In re Sampson, decided subsequent to the bankruptcy court's ruling below, held that a bankruptcy court must conduct a two-part inquiry when resolving the issue of whether payments from one spouse to another incident to divorce settlement are in the nature of support. In re Sampson, 997 F.2d at 722-23. First, the court must divine the spouses' shared intent as to the nature of the payment. Id. at 723. This inquiry is not limited to the words of the settlement agreement, even if unambiguous. Id. at 722. Indeed, the bankruptcy court is required to look behind the words and labels of the agreement in resolving this issue. Id. at 722. Second, if the court decides that the payment was intended as support, it must then determine that the substance of the payment was in the nature of support at the time of the divorce--i.e., whether the surrounding facts and circumstances, especially financial, lend support to such a finding. In re Sampson, 997 F.2d at 725-26. See Joseph v. J. Huey O'Toole, P.C. (In re Joseph), 16 F.3d 86, 88 (5th Cir. 1994) (discussing some relevant factors). The parties' subsequent change in circumstances or need does not enter into this second inquiry. Id. at 720 n. 2 (citing Sylvester, 865 F.2d at 1166). Only after conducting both of these inquiries can a bankruptcy court make a proper ruling as to the dischargeability of such payments in bankruptcy. Although we are here dealing with the meaning of a decree entered after a contested hearing, the basic inquiry is the same--what was intended by the court in entering the decree and whether the evidence adduced in support of the decree justifies that court's characterization of the payments as alimony. See Laing v. Barlow, No. 93-5219, 1994 WL 232246 at * 2 (10th Cir. 1994) (unpublished); Dennis v. Dennis (In re Dennis), 25 F.3d 274, 277-79 (5th Cir. 1994); Brody v. Brody (In re Brody), 3 F.3d 35, 39 (2d Cir. 1993); Adams v. Zentz, 963 F.2d 197, 199 (8th Cir. 1992).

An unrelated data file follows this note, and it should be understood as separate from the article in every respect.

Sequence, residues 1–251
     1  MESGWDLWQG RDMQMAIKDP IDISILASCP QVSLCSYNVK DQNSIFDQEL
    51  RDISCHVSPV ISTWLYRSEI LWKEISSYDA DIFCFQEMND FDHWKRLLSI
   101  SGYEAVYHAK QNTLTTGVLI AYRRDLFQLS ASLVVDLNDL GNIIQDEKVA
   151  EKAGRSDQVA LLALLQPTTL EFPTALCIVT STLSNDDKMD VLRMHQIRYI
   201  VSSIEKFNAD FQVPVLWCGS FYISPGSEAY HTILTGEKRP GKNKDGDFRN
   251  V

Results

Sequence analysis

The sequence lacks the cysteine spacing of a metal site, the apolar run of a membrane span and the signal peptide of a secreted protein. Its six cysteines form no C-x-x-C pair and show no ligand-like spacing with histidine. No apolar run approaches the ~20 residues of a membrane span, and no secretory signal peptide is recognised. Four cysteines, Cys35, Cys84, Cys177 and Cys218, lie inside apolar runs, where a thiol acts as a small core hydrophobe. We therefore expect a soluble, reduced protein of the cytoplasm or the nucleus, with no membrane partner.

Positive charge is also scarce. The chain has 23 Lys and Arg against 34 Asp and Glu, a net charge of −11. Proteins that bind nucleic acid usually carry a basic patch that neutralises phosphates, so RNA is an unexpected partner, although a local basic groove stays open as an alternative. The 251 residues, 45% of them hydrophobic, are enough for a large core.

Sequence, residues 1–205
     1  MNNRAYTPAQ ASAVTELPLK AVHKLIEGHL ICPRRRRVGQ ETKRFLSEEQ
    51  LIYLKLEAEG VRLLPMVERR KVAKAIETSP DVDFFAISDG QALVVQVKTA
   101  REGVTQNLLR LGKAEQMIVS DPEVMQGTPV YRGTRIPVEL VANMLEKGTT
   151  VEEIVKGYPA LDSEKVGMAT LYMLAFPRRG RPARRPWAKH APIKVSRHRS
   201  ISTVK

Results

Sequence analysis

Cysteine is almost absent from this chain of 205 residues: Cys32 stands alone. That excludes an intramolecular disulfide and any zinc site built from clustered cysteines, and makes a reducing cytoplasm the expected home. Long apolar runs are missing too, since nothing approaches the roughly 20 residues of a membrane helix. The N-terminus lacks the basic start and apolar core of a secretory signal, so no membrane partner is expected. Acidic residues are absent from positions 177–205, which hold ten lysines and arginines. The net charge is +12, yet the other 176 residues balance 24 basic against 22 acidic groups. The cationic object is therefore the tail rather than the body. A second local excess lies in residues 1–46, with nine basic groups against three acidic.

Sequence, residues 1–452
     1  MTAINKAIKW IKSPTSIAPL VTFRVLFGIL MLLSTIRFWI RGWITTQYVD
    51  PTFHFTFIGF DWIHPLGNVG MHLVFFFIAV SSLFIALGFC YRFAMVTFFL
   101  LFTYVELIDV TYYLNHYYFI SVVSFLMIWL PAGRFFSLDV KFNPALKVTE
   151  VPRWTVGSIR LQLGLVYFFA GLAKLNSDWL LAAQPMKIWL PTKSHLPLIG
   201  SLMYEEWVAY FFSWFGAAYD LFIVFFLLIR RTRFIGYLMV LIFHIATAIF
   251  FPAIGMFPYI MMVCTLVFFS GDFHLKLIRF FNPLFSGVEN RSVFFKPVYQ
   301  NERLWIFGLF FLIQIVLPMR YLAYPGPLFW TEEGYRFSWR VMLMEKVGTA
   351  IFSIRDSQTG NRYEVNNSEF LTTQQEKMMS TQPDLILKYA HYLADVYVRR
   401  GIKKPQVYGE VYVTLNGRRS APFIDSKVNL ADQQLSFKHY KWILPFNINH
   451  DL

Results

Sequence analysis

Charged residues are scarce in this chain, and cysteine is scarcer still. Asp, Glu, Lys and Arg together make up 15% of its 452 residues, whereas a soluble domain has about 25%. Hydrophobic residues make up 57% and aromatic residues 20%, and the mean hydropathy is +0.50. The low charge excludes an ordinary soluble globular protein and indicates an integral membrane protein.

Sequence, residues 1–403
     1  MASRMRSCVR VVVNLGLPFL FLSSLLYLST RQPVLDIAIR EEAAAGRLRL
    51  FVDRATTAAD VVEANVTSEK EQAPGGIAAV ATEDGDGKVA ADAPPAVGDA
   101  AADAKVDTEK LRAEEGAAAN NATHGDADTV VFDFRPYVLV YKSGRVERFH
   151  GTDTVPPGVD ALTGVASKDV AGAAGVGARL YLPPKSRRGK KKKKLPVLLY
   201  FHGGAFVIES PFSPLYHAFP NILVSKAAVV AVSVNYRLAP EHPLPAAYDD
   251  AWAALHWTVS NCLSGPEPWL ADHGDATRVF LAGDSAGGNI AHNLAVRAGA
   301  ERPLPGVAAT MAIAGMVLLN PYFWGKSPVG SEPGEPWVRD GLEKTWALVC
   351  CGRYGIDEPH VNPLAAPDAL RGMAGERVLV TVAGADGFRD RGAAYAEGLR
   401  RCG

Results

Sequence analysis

Here, the bankruptcy court based its decision on the perceived intent of the state court at the time of the supplemental decree, as divined from the decree itself and its surrounding circumstances. Although the bankruptcy court looked behind the language of the decree only after it had deemed it ambiguous, we need not discuss the validity of this approach given that the court would have conducted its review in identical fashion if it had employed the correct legal framework regarding intent as stated above. Similarly, the bankruptcy court's failure to formally bifurcate its inquiry into two stages also does not vitiate the substance of the bankruptcy court's review of all relevant facts.
Mr. Young seems to argue further that, notwithstanding the bankruptcy court's correct review of all relevant types of facts, it erred in not conducting a hearing to insure that it had all of these facts before it, thereby alleviating Mrs. Young's burden of showing by a preponderance of the evidence that the payments were in the nature of support. See In re Sampson, 997 F.2d at 723. See also Grogan v. Garner, 498 U.S. 279, 290, 111 S. Ct. 654, 661, 112 L. Ed. 2d 755 (1991) (holding that party seeking nondischargeability of debt bears burden of proof by preponderance of evidence). The bankruptcy court did not err in failing to conduct an evidentiary hearing on this issue because both parties were provided ample opportunity to point out any disputed issue of material fact in their response papers to cross-motions for summary judgment. Absent a disputed issue of fact, no hearing was necessary.
After examining the briefs and appellate record, this panel has determined unanimously that oral argument would not materially assist the determination of this appeal. See Fed. R. App. P. 34(a); 10th Cir.R. 34.1.9. The cause therefore is ordered submitted without oral argument